IBM has announced the manufacture of a tiny optical chipset capable of moving data at speeds of 160GB per second. A prototype of the hardware, called an optical transceiver, is scheduled to be introduced Thursday at the 2007 Optical Fiber Conference in Anaheim, California. The chipset, which IBM claims is eight times faster than optical components in use today, streams data within computer systems over light pulses sent through plastic tubes, instead of over electrons traveling through copper wire. As a transceiver, the chipset handles data flowing in and out of a system, meaning it can do the work of 32 components (16 data senders and 16 receivers) used on today's boards, said Fred Zieber, analyst for Pathfinder Research. Besides higher data speeds, the IBM chip, which is less than a quarter the size of a dime, uses less energy, thereby generating less heat.
The chipset is for moving information over distances of less than a meter, making it optimal for use in rack servers and other equipment found in data centers, said Marc Taubenblatt, senior manager for Optical Communications Group at IBM Research. As the technology matures, it could also find its way in the home. In a set-top box, for example, a high-definition movie arriving over a cable connection could be processed and stored in a second, versus the minimum of 30 minutes required today by the fastest connections. Taubenblatt noted: "We're probably four or five years out before it starts showing up in leading-edge products." Before the technology could hit the market, however, IBM would have to work with circuit-board manufacturers, which would have to introduce news processes for high-volume production. Also, early generation systems with the optical chipsets would continue to use traditional copper wiring in areas where slower speeds are sufficient. The goal is to reduce the cost to about the same for technology using copper wires. "That's what we're competing with. We think we can get down to the same price target for optical," Taubenblatt said.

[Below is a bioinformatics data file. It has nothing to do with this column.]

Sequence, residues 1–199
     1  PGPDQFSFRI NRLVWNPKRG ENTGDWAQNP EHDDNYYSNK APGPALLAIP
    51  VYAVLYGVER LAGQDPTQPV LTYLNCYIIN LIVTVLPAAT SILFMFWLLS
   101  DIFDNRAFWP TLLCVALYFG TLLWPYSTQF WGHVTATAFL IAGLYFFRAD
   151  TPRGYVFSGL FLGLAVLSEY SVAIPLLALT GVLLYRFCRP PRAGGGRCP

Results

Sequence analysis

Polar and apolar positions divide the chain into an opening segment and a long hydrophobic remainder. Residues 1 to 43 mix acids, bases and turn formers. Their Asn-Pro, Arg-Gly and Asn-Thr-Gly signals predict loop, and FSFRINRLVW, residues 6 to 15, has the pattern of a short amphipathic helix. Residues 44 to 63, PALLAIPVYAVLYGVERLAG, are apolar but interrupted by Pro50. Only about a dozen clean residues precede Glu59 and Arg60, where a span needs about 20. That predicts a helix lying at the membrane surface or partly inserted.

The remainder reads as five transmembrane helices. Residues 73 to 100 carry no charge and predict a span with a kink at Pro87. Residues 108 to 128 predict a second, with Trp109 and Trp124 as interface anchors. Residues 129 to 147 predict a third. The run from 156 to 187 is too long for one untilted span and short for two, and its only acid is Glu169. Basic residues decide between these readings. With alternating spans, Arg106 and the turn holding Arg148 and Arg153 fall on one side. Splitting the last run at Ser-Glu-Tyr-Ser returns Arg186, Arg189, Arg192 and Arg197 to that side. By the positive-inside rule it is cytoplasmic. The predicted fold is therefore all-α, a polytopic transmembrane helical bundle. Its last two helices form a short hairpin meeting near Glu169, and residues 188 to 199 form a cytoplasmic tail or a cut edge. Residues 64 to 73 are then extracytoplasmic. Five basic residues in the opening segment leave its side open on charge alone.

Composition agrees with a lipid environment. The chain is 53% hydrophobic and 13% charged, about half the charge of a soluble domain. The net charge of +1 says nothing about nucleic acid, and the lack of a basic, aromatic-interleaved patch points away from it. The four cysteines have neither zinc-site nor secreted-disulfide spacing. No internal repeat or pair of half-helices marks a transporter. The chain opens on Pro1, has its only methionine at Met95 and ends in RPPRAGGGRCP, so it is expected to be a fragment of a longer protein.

News source: InformationWeek